Self plagiarism has been a difficult topic for me to discuss as it’s clearly a divisive issue that people feel very strongly about. Whether I’m talking about it in the context of the Jonah Lehrer case (the early parts of the scandal) or in broder terms such as academic self-plagiarism, it’s been a polarizing issue that’s sparked many great debates and discussions.
However, I’m going to be continuing that conversation on November 1st. iThenticate, the makers of the plagiarism detection product of the same name, is hosting a webcast entitled “What is Mine is Mine: Self-Plagiarism, Ownership and Author Responsibility“.
I’ll be on that panel along with Kelly McBridge, the Senior Faculty on ethics, reporting and writing for Poynter and Rachael Lammey, the project manager at CrossRef, an aossiciation founded by publishers that aims, among other things, to help improve citation and attribution in publishing.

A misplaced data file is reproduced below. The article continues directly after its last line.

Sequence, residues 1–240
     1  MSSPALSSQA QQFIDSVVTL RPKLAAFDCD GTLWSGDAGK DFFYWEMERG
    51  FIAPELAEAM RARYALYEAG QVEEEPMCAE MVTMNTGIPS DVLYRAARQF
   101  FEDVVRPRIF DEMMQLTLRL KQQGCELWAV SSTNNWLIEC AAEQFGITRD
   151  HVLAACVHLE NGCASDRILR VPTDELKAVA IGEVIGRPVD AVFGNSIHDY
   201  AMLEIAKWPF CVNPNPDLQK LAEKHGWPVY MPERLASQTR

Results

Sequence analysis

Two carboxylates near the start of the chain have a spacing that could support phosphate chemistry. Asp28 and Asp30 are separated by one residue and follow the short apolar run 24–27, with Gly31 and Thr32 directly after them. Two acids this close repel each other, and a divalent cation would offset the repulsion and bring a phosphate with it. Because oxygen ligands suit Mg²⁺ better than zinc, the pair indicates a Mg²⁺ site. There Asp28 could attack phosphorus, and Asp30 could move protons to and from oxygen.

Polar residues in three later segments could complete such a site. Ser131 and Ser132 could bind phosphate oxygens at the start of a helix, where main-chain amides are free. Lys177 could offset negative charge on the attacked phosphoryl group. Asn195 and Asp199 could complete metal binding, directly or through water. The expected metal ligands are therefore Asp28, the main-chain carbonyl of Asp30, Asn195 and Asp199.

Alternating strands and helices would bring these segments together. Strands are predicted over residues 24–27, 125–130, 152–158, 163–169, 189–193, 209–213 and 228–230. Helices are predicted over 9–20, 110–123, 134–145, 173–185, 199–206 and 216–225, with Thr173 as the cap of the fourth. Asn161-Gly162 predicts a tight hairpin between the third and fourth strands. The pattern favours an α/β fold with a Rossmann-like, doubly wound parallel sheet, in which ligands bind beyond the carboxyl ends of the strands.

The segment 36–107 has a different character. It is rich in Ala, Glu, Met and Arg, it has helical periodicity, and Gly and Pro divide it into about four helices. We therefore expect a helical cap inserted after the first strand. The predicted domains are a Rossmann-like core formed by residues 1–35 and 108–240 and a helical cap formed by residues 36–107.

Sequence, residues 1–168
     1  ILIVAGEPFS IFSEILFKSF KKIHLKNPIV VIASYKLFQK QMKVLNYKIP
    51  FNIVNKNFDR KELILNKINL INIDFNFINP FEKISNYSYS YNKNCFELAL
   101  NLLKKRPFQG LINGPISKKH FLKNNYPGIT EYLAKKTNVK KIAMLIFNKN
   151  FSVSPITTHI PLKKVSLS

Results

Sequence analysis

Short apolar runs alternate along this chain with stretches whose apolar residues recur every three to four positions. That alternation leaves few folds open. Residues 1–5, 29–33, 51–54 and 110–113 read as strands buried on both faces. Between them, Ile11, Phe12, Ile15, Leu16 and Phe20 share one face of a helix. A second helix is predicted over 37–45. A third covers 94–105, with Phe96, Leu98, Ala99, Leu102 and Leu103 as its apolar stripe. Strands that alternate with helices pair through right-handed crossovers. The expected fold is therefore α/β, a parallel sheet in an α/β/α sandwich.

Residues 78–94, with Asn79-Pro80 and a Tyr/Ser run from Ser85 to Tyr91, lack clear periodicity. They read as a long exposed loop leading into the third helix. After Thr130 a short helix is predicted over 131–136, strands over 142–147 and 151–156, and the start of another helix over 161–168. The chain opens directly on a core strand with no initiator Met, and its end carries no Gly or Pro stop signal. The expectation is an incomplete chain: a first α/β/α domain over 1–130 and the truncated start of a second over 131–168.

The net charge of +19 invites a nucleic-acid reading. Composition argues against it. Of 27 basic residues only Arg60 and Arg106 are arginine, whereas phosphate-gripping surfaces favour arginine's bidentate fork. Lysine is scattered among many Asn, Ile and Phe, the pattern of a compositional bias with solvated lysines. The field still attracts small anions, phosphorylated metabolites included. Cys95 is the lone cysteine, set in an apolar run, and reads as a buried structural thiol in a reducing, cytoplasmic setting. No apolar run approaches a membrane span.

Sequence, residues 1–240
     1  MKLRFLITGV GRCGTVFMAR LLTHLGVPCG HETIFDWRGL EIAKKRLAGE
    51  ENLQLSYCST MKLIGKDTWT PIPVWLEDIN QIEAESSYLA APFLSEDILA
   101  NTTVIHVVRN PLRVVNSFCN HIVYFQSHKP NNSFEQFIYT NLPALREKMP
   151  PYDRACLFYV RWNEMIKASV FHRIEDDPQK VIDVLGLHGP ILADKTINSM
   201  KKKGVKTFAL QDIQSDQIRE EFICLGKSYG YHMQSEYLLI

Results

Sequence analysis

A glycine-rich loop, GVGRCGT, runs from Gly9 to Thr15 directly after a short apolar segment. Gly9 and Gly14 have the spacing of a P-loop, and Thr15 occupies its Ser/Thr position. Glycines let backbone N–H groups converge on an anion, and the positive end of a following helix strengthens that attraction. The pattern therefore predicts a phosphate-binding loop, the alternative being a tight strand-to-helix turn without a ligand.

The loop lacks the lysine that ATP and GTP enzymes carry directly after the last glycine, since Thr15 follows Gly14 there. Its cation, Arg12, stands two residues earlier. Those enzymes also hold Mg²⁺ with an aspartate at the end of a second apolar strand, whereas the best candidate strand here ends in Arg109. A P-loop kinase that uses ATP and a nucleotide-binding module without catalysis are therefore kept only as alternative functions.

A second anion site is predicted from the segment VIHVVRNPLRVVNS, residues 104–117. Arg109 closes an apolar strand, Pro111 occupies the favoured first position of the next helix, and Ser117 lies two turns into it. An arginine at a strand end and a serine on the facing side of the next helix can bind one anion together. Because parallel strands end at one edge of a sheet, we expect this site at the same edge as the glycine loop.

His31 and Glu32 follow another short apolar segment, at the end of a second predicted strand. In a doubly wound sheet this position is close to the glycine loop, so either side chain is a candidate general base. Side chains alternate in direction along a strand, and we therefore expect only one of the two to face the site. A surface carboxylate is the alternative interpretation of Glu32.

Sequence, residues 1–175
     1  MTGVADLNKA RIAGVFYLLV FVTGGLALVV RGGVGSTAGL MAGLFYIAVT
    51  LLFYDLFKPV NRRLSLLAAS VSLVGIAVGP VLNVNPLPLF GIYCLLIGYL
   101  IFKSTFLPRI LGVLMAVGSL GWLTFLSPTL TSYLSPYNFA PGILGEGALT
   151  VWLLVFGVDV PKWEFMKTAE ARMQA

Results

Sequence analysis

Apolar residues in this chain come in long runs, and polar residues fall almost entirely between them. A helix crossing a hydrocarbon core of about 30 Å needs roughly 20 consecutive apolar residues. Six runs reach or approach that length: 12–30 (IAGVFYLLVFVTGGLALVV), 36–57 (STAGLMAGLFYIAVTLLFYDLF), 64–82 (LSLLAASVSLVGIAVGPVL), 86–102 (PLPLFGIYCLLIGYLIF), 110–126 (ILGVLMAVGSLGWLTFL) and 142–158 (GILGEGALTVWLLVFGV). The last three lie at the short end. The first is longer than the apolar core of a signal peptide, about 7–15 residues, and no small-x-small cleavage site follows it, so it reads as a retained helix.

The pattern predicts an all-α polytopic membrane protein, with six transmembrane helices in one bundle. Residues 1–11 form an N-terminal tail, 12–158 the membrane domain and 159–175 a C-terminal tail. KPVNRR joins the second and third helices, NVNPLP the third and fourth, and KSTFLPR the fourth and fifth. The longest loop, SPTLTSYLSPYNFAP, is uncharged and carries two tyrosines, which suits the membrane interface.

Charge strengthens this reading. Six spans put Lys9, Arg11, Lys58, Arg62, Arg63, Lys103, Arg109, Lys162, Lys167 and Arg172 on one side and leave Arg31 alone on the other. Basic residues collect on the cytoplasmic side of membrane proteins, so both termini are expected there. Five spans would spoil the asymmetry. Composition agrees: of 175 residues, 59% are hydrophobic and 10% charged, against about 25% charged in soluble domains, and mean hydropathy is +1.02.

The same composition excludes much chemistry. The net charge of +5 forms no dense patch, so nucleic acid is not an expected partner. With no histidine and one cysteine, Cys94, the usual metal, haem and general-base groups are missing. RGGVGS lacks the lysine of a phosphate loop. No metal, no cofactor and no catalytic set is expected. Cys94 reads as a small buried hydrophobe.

The panel will be moderated by Jason Chu, the plagiarism educator at Turnitin, the sister product to iThenticate.
In this panel we’ll be focusing on three separate areas, namely:
- Why is self-plagiarism a concern?
- The reasons for self-plagiarism.
- How publications can best avoid self-plagiarism issues.
The webcast will be held on November 1 at 11:30 AM PST (2:30 PM EST). Registration is required but it is free to attend.
It’s going to be a great conversation and I’m excited to be a part of it. If you want to join you can visit the registration page and sign up.
Hope to see some of you there for what should be a great conversation on a very difficult but important subject!
Disclosure: I am a paid consultant for iThenticate.